But the good news is, as you read on these pages repeatedly there is a whole lot you can learn to better deal with your peripheral neuropathy.

This is where having a written neuropathy treatment plan goes along way. In fact you could apply this to almost any illness.

Here’s what to do next:

First of all take out a large piece of paper, or even on mobile phone. Actually, in this stage I am a huge fan of mobile notes sync across all devices.

On your neuropathy treatment plan should first be all your known risk factors. This would include things like cigarette smoking, excess alcohol consumption, inactivity, and perhaps diabetes. Maybe there are other known factors, such as consumption of medications known to produce peripheral neuropathy.

Once you have your list, then you need to divide it into things that you can change. The very next thing you need to do is to prioritize your neuropathy treatment plan. For example what is having the biggest impact on your health?

This is the very first thing, although perhaps the most difficult that you need to do first.

By first developing a neuropathy treatment plan and then using your own willpower and discipline, along with the help from your family and healthcare professionals, you can do a whole lot to help yourself feel better and function better!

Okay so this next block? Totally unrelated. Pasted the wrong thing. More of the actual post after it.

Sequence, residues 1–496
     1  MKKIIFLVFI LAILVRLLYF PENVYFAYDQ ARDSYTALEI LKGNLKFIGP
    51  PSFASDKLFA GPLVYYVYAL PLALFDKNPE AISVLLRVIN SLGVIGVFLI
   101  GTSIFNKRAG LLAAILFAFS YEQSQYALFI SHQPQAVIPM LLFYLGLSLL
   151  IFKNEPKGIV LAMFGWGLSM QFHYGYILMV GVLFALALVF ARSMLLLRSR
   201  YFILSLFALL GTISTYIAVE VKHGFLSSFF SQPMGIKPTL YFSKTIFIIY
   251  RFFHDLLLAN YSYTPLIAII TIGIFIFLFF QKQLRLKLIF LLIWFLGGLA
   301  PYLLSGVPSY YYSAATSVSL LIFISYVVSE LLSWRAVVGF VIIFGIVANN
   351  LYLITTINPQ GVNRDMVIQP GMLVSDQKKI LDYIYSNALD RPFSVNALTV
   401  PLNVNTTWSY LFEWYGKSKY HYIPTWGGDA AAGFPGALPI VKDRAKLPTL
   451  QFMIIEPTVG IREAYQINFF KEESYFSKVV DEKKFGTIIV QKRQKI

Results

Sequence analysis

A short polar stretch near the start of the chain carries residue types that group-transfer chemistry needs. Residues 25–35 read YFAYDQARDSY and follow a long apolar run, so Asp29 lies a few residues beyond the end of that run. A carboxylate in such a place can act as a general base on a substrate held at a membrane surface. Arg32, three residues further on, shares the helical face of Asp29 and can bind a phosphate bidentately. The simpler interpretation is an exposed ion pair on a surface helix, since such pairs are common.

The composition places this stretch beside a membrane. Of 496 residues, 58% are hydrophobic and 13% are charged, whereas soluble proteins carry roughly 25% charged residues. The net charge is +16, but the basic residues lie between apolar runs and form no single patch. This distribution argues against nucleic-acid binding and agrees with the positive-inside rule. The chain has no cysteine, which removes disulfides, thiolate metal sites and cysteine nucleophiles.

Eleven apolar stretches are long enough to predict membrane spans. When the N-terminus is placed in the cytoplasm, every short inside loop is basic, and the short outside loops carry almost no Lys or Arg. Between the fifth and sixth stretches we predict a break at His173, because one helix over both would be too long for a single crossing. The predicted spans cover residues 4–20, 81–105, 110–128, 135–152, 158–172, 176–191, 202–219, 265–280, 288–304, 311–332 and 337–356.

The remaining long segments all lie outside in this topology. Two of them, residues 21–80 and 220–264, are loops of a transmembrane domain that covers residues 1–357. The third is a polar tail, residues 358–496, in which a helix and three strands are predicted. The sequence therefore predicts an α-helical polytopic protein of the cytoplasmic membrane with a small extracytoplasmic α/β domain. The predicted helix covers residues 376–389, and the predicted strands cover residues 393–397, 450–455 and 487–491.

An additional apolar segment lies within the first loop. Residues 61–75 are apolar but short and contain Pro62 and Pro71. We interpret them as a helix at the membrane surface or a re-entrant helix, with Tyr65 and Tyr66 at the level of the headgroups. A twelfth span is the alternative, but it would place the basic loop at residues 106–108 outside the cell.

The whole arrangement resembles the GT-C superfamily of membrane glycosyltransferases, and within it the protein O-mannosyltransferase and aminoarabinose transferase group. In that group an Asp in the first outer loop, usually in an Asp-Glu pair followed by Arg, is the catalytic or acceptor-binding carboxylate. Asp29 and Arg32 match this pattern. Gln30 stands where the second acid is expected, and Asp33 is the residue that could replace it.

What we do know is those who use written neuropathy treatment plans and not only work off them but share them with their neuropathy treatment specialists have a far better chance at not only feeling better, but regaining significant quality of life.

To that end, we are here to support you!

For more information on coping with neuropathy, get your Free E-Book and subscription to our newsletters at http://neuropathydr.com.

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Disuse Syndrome

In our last post, we discussed how exercise can help control the symptoms of your underlying illness (whatever caused your autonomic neuropathy). Today we’re going to discuss the effects of not exercising, which are called disuse syndrome.

Use Vs. Disuse

When you’re thinking about starting an exercise program and you’re thinking about how dangerous it can be, you also need to consider the effects of not starting an exercise program.

The effects of not exercising are called disuse syndrome.  If your level of activity seriously out of sync with your level of inactivity, you can develop: